Psychologists and EMR: Movement forward

Last week I attended a continuing education workshop for psychologists at my local chapter of the Florida Psychological Association. Psychological Records: Basic Requirements and the (Forced?) Choice of EMRs was presented by Robert J. Porter, Ph.D., president of the Tampa Bay chapter and treasurer of Florida Psychological Association. Dr. Porter’s presentation was attended by about 30 psychologists and other mental health providers. The last FPA workshop on EMRs that I attended was over 10 years ago, and it was given by me. There were about five psychologists present at that workshop.

The difference in attendance speaks to multiple issues. First, Dr. Porter is an excellent presenter who talked broadly about EMRs. His years as a researcher and university professor combined with recent years in private practice give him great credibility. Secondly, the EMR landscape has changed hugely in the past decade with government requirements to migrate patient records to an EMR a distinct possibility.

The psychologists who are my age peers who used an EMR  loved computers and liked doing all their work there. Most of our age-mates would never have considered keeping records that could not be locked up in a file cabinet behind their locked office door. The younger psychologists who are now replacing us in the private practice community are not only willing to consider keeping their records electronically. . . they are willing to keep them online using a Software as a Service (SaaS) type product. The move from needing to hold the patient record in my hot little hands to allowing it to float out there in the cloud is a sea change.

While Dr. Porter presented a great deal of information in the two hours he spoke, there were several items I thought you might find interesting.

  1. The American Psychological Association published Record Keeping Guidelines in the December 2007 issue of the American Psychologist. If you are a psychologist and you keep records, you should read them. If you keep behavioral health records but are not a psychologist, you might take a look at them. Such Guidelines frequently become part of the standard of care in a professional community.
  2. The APA Guidelines recommend disclosure to the patient of your record keeping procedures, including the limitations of confidentiality of the records. Those limitations of confidentiality lead to a likely need to maintain a separate  record of care for each person you treat, including for each individual member of a family or couple. (Guideline 4)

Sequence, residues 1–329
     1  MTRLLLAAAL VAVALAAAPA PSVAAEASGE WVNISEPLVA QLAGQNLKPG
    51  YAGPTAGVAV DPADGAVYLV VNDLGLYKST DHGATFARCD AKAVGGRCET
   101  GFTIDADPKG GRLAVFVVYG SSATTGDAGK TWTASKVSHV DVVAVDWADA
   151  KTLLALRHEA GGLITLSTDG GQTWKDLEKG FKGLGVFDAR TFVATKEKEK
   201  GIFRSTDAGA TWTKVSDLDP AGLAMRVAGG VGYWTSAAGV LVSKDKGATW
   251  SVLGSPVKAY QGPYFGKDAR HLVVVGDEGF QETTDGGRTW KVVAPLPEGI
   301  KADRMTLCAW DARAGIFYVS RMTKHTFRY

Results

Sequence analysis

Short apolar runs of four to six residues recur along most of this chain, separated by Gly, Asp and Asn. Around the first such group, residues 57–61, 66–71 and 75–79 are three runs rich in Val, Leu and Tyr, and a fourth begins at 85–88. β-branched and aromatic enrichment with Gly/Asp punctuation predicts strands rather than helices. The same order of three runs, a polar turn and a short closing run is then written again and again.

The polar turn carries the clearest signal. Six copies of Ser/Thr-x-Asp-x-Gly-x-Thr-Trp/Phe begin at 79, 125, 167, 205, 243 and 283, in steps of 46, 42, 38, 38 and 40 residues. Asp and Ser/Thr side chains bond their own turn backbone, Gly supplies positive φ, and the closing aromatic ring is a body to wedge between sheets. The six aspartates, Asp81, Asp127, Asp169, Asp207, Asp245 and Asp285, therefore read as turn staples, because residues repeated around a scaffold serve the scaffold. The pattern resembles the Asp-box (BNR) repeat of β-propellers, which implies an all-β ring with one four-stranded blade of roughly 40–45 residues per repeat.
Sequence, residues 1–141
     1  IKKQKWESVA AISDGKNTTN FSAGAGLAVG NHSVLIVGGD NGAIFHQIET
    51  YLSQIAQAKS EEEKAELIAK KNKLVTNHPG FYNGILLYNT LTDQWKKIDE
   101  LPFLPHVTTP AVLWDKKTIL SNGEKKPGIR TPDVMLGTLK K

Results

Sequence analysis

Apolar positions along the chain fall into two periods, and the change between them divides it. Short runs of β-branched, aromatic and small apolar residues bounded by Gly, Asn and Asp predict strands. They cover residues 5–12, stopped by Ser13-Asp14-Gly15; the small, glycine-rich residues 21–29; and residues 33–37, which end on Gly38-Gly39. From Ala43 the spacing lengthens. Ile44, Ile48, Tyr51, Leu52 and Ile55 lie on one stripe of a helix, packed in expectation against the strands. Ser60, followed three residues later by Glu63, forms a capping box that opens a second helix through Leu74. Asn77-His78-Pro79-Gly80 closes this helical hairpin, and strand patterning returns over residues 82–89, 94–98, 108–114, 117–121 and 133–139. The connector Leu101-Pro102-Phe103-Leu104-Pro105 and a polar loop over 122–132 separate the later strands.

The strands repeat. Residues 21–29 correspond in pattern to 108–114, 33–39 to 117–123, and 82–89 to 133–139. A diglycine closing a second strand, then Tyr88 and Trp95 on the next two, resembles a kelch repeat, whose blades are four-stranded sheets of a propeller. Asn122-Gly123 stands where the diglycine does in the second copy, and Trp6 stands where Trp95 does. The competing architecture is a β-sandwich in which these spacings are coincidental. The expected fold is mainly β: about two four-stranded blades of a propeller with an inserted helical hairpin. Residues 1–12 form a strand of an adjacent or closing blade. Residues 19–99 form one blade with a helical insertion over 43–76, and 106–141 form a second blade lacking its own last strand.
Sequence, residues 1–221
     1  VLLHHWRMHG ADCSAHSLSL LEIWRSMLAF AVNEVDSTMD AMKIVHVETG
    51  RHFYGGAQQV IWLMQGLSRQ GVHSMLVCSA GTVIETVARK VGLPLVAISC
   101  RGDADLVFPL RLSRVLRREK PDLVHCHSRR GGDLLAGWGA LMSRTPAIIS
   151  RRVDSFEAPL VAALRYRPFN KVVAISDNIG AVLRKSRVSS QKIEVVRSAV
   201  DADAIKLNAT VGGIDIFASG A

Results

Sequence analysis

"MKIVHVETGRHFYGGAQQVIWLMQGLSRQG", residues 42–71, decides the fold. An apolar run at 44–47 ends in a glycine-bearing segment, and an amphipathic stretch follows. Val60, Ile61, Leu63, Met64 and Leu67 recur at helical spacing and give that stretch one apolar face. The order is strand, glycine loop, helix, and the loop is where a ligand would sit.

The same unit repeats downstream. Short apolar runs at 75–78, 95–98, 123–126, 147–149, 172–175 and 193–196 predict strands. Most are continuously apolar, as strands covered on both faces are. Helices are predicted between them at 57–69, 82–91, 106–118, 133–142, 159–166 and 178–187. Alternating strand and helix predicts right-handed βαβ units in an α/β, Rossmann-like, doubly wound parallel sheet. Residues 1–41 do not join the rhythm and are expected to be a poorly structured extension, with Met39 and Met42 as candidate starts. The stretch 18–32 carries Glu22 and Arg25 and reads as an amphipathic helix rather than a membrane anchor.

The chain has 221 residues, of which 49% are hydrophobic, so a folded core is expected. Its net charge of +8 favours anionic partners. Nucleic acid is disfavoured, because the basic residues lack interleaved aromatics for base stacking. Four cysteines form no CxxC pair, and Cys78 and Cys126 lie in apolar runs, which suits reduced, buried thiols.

3. Ofer Zur, Ph.D., a licensed psychologist in California, offers extensive information about and continuing education on record keeping and many other aspects of behavioral health practice. [Retrieved 4/19/2011 from http://www.zurinstitute.com/recordkeepingguidelines.html.]
  4. Dr. Zur points out that a treatment plan usually includes problems or symptoms, a diagnosis, goals of treatment, interventions to be used to achieve the goals, and the rationale for use of those interventions.

 

I would add a quick note about the possibility of a requirement to keep records of psychological care in an EMR. At present, the only behavioral health providers who are Eligible Providers (EP) for ARRA funding to purchase an EMR are psychiatrists and nurse practitioners. Psychologists, social workers, mental health counselors and addiction professionals do not qualify, nor do psychiatric hospitals. While this may change, there is currenly no way for most mental health providers to obtain stimulus funds. At the same time, there is no requirement for them to move to an EMR, nor will they be penalized for not doing so (psychiatrists and nurse practitioners may be subjected to Medicare withholds). Fortunately, most of the products aimed at the private mental health practitioner are relatively inexpensive and can easily be obtained without resorting to government funding or a second mortgage on your house.

While an electronic medical record can be a powerful way to significantly increase the quality of the records maintained by you and your organization, you must know what you are required to maintain in the record. . . by the governmental jurisdictions and the professional guidelines to which you are subject.

How does your organization determine what goes in the client’s record? Who is responsible for those records? Are you using an EMR, a paper record, or some hybrid system?

Please share your thoughts on records in the Comments below.

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